Britta Stalling, Maarten van Opstal, Debra Weisenburger Lipetz, Lew Whitney, Karin Cooke, Anne Hering, Nynke Roukema and Mauro Lugano share their experiences. As a community, we have been given many lessons as a result of the pandemic. By harnessing our own energy and intention we can start to see these challenges as gifts. They will […]
We hear about the importance of following our heart and intuition all the time, from social media to self-help books to friends. But does such an approach really bear fruit, or is it just Western New Age fluff? Master Jianshe’s journey as a Qi Gong teacher shows us that living from a heart-centred perspective allows […]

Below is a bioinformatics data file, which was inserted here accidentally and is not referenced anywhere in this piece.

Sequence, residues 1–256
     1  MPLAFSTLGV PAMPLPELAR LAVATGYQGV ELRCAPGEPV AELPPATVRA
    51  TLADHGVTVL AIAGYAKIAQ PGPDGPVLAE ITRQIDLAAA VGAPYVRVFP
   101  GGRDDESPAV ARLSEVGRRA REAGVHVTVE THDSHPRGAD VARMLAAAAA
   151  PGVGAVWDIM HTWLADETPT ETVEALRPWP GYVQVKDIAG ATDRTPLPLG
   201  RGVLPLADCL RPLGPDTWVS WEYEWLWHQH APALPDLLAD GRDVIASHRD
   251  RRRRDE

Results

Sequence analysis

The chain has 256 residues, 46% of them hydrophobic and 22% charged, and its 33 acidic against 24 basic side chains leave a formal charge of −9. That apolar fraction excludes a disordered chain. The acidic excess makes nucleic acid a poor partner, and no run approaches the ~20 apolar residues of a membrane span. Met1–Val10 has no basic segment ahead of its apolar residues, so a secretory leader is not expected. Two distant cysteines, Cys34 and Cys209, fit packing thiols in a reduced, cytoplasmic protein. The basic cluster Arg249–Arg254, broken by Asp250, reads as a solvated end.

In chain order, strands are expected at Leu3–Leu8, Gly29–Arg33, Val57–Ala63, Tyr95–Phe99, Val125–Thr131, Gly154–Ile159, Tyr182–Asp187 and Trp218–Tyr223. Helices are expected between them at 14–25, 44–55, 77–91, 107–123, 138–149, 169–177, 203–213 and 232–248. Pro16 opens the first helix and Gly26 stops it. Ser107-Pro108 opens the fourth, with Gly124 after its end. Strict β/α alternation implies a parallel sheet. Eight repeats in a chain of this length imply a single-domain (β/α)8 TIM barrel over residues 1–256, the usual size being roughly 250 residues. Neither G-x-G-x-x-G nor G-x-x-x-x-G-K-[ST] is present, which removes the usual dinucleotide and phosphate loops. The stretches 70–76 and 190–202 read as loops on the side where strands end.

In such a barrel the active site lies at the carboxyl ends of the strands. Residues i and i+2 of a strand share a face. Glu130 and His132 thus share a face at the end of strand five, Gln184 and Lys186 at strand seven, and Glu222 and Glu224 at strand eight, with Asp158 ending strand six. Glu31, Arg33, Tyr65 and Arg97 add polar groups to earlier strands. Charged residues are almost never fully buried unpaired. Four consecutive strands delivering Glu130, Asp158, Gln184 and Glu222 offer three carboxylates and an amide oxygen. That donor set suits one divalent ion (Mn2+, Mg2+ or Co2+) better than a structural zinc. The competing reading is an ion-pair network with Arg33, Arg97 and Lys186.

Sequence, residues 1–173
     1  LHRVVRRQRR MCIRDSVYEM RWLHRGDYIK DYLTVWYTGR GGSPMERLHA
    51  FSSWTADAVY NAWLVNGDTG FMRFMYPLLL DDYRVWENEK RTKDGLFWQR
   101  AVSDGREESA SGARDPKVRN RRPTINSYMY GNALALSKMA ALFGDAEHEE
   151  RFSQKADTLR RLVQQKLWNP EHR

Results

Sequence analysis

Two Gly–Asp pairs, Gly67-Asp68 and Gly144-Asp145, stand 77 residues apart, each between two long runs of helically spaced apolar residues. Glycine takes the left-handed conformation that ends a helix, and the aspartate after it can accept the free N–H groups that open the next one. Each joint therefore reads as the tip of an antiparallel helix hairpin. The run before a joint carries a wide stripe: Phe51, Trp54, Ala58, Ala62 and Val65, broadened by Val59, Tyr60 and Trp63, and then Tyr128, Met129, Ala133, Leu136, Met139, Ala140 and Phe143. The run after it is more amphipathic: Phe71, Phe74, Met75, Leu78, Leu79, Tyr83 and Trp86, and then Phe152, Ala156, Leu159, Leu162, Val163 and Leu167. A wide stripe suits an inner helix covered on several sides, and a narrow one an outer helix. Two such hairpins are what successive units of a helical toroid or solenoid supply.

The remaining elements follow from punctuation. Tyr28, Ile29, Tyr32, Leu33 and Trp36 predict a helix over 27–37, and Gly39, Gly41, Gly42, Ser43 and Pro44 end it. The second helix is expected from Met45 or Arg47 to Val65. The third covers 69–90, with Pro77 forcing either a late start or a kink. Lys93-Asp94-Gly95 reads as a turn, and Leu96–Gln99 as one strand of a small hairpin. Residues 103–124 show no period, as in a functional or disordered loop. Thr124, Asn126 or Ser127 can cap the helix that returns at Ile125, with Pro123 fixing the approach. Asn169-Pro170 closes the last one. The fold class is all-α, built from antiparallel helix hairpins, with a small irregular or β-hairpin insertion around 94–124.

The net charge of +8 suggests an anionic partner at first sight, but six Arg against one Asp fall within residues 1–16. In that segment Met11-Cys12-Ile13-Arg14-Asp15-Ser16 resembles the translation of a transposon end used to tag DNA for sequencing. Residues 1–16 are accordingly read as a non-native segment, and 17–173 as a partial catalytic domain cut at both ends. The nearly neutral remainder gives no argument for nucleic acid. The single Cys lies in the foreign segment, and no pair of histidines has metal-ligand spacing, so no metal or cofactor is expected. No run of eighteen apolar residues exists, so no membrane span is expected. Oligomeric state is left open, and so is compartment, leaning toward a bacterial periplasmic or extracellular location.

John sees Qi Gong as an effective tool for teaching soft skills such as leadership and communication, and can be used alongside other frameworks like the Seven Habits model. He has found that it makes learning or honing new skills feel more simple and accessible compared to direct training. People generally have the urge to do things right when you teach them directly, but because Qi Gong “seems irrelevant”, students have “permission to get it wrong”. A seemingly-unrelated teaching tool allows space to ask questions, to make mistakes, to think for themselves. The learning space then becomes more productive. As students often throw difficult questions his way, making it essential to find answers accessible to those unfamiliar with the practice and Chinese medicine (TCM) as a whole, John never stops learning himself.